8 killed in shootings at Atlanta-area spas

By Meg Wagner, Melissa Macaya and Mike Hayes, CNN

Updated 9:47 a.m. ET, March 18, 2021
26 Posts
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2:17 p.m. ET, March 17, 2021

Georgia shooting suspect's grandmother speaks out 

From CNN's Audrey Ash

CNN went to the home of the grandparents of Georgia shooting suspect Robert Aaron Long in Morristown, Tennessee, on Wednesday. 

“All I want to say is that he is our grandson and we still love him very much,” said Long’s grandmother, Margaret Long, who was visibly upset.

Long’s grandfather interrupted the conversation, saying they’d been told not to speak to anyone and gave no further comment. 

Some context: Cherokee County Sheriff Frank Reynolds told reporters earlier today that the family of suspected spa shooter Robert Aaron Long turned him into authorities Tuesday. 

Reynolds said he talked to the family and they "were very distraught and they were very helpful in this apprehension,” he said. 

12:59 p.m. ET, March 17, 2021

Georgia's Asian American leaders call for a community-centered response 

An Asian American justice group has blamed White supremacy and racism as the cause for Tuesday night's Atlanta shooting and is calling for communities of color to band together to condemn racist violence.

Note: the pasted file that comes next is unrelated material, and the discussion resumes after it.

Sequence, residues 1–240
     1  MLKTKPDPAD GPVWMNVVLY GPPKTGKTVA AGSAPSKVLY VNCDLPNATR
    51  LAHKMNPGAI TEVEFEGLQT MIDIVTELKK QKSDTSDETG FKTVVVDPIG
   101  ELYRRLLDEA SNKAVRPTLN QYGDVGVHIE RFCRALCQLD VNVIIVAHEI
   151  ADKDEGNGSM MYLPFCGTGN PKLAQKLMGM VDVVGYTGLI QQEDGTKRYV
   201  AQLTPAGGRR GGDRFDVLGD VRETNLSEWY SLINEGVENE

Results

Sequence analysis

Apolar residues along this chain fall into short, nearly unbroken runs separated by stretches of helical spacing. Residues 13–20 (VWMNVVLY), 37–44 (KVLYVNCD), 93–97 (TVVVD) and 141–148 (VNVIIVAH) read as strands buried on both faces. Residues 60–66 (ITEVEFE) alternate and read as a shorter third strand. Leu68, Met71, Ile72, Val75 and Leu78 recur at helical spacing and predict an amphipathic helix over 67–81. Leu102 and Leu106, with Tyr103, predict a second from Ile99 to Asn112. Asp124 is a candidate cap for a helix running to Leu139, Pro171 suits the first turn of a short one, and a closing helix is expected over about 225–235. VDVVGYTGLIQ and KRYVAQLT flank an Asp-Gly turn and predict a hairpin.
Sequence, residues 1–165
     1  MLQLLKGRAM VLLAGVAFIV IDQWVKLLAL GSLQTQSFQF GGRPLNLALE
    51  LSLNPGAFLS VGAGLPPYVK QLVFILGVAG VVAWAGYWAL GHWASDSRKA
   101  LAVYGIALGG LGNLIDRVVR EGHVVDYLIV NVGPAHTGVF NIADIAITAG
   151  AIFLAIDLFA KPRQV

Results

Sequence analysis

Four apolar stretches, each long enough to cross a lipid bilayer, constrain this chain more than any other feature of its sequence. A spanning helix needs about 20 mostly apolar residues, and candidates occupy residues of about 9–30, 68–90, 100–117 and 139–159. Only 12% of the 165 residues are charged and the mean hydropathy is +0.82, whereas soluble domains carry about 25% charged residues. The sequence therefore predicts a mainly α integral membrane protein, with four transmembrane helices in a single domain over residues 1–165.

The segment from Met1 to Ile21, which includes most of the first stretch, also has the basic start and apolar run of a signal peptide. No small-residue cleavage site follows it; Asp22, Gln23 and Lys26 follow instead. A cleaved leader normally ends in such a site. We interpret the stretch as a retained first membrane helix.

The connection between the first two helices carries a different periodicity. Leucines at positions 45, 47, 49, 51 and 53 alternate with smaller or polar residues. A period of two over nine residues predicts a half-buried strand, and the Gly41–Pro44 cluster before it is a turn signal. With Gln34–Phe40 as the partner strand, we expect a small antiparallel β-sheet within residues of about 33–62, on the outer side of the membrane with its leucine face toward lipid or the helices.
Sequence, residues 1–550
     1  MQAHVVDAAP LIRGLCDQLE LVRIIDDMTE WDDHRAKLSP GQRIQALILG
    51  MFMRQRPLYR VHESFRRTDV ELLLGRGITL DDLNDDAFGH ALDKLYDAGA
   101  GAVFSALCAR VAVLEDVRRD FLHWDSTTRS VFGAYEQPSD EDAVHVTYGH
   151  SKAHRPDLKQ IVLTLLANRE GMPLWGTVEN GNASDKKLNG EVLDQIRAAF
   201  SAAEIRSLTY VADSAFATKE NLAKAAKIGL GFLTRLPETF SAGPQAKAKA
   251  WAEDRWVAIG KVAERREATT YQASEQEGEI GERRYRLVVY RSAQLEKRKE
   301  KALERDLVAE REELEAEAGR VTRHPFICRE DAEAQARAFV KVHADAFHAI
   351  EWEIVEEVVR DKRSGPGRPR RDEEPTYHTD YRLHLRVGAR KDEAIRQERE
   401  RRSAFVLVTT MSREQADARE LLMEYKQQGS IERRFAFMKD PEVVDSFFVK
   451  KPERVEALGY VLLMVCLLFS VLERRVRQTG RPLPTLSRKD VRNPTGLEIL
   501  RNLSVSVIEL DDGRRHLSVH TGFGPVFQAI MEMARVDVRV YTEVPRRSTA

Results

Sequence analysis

In a statement released Wednesday, Stephanie Cho, executive director of Asian Americans Advancing Justice-Atlanta, said:

“We are heartbroken by these acts of violence. Six Asian women lost their lives. Now is the time to hold the victims and their families in our hearts and in our light. We’re calling on our allies across communities of color to stand with us in grief and solidarity against racist violence in all its forms. When our most vulnerable community members are targeted, we all need to band together."

"While the details of the shootings are still emerging, this happened under the trauma of increasing violence against Asian Americans nationwide, fueled by white supremacy and systemic racism. While anti-Asian violence is woven throughout our nation’s history, the Trump administration’s scapegoating of Asians for the ongoing COVID-19 pandemic has increased the incidence of hate and violence against Asian Americans. According to the most recent data, hate incidents targeting Asian Americans rose by nearly 150% in 2020, with Asian American women twice as likely to be targeted," the statement continued.